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Monday, 4 April 2011

Pine needle vinegar

























The problem lies with its ubiquity within the household cleaning/room fragrance market. One brings a fair amount of nasal baggage to the Pine table (not literally - ours is Beech); it's hard to shake off when you start to cook with it. I made a bottle of Pine needle syrup a couple of months ago - to be honest, it was like sucking on a Glade Plug In.

Pine needle vinegar is quite a different story. Subtract sweetness for acidity; the Pine notes are still there, but the results are far more interesting. It's pretty simple to make too.

Scots Pine needle vinegar
Cider or white wine vinegar
A bag of Scots Pine boughs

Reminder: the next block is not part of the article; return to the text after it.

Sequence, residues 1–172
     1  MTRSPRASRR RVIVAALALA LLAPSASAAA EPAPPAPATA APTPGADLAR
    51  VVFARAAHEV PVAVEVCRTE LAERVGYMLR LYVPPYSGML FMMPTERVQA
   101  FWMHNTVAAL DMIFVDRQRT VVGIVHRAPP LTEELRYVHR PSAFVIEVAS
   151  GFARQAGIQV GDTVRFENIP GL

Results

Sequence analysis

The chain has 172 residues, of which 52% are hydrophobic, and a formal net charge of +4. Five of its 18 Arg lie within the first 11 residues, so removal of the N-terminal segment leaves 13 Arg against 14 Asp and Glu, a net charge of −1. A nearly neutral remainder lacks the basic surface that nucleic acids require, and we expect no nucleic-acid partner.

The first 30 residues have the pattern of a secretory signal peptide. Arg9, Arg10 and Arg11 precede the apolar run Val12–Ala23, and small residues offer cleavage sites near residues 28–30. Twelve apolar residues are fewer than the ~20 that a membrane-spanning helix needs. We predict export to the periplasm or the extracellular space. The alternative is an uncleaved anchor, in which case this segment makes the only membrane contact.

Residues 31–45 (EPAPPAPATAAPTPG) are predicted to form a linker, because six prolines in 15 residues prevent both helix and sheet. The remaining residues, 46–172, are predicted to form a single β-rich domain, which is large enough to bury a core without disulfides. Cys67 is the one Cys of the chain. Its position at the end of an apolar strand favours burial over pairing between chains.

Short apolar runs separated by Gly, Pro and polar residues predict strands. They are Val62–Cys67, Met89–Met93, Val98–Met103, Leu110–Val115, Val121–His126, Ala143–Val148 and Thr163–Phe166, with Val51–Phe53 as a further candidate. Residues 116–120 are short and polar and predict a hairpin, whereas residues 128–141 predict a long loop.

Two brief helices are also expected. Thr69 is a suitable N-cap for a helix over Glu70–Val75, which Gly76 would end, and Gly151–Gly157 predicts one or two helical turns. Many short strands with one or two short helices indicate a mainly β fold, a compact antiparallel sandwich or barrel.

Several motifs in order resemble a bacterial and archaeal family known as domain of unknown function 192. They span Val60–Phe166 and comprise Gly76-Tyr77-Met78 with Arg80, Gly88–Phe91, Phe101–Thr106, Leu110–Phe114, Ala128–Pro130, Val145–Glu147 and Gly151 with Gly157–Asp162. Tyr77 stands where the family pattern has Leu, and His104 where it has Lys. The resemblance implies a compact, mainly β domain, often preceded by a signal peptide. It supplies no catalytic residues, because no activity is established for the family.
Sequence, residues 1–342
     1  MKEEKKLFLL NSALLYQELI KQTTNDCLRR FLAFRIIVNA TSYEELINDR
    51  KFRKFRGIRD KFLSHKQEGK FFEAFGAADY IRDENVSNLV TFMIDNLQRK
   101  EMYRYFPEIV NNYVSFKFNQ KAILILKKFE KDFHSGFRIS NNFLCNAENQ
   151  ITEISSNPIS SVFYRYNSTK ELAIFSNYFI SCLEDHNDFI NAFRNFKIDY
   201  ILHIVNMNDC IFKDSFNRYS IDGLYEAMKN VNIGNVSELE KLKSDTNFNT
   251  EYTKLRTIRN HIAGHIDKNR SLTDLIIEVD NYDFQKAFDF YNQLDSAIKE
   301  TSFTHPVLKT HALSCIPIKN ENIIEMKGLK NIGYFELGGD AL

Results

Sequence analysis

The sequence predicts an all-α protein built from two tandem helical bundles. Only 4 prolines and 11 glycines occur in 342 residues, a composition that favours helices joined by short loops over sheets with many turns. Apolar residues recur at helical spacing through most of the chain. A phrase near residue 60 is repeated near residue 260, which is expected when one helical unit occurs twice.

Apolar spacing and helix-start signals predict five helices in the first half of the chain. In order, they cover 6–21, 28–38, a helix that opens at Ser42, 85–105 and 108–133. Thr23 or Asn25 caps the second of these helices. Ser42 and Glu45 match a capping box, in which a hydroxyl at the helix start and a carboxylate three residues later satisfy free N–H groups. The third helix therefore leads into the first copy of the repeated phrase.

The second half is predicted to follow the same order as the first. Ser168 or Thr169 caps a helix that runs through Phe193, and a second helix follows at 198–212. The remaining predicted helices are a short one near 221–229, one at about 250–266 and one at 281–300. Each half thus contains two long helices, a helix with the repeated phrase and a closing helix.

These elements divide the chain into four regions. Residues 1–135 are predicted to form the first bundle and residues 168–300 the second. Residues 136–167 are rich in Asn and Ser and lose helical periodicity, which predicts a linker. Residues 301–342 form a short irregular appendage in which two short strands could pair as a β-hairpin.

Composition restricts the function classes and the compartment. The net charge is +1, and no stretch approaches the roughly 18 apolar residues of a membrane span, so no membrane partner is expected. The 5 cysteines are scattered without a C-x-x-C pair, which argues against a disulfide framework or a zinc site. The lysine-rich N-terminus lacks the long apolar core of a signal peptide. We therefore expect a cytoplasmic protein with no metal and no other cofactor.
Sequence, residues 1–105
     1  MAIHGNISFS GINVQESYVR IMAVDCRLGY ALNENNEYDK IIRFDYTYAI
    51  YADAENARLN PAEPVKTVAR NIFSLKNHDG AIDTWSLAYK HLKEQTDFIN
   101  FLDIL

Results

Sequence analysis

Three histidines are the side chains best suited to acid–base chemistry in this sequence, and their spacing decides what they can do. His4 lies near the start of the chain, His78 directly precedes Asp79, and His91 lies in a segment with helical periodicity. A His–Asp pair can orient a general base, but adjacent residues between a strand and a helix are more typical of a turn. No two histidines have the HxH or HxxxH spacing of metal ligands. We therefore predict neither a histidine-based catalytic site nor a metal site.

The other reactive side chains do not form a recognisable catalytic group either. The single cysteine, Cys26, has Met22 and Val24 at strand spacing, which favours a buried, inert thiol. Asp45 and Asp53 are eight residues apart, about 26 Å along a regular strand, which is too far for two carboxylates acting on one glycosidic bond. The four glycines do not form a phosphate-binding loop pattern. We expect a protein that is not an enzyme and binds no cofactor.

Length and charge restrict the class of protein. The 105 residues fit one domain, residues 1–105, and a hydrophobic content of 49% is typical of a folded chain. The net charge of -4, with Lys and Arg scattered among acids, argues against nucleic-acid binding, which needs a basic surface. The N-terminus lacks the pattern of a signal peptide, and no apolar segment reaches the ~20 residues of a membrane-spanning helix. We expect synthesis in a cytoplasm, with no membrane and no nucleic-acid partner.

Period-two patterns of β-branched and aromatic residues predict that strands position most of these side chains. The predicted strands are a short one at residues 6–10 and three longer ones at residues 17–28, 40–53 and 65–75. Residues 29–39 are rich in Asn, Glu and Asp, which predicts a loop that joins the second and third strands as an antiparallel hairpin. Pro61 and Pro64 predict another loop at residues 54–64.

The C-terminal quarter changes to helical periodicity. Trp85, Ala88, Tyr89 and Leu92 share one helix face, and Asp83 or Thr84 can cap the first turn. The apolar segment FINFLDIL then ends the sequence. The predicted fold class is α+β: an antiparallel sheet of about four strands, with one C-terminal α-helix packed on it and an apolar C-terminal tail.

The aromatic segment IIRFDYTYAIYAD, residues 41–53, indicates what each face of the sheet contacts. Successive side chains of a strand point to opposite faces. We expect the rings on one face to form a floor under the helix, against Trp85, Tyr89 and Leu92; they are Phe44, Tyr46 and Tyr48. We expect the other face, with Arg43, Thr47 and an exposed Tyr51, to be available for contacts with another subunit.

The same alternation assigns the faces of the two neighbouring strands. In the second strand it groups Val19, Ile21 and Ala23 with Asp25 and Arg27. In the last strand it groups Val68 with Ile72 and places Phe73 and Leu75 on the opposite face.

Remove the pine needles from the boughs and wash. Bring the vinegar to the boil, then allow to cool for a short while. While it's cooling, fill a sterilized bottle with Scots pine needles, then pour in the warm vinegar. Leave in a dark spot for about two months before using.

4 comments:

  1. So you don't get the resin flavour? I love unusual vinegars, so I will have to try this.

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  2. Not that I've noticed MiMi; the Pine becomes more of a background element.

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